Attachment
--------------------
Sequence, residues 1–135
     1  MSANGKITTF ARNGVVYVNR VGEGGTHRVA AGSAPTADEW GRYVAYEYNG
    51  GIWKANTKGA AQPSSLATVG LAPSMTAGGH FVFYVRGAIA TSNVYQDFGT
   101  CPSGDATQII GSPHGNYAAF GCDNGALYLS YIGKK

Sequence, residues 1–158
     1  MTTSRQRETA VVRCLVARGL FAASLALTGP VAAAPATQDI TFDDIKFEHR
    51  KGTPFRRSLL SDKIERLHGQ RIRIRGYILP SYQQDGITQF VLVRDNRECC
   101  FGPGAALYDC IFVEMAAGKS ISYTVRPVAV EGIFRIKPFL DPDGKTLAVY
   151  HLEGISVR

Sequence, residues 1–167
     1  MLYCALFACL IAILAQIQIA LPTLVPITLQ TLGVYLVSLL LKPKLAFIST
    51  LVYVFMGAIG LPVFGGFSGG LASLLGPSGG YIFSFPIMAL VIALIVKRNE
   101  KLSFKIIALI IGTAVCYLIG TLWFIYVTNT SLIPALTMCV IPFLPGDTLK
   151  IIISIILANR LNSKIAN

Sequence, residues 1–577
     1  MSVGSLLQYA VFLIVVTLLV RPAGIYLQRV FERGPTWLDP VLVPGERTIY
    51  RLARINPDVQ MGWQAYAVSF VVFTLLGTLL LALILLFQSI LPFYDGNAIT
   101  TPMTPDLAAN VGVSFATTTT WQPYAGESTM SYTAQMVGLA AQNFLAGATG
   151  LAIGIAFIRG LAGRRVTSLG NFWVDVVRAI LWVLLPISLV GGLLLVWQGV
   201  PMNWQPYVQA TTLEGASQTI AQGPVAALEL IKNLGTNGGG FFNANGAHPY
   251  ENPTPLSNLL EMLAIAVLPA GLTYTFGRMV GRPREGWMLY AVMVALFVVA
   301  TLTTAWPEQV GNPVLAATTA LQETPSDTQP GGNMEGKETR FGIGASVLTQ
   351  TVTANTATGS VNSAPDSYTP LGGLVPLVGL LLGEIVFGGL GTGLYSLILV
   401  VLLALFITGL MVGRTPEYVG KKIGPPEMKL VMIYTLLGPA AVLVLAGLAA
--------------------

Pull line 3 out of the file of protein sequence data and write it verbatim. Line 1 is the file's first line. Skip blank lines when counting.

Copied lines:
    51  GIWKANTKGA AQPSSLATVG LAPSMTAGGH FVFYVRGAIA TSNVYQDFGT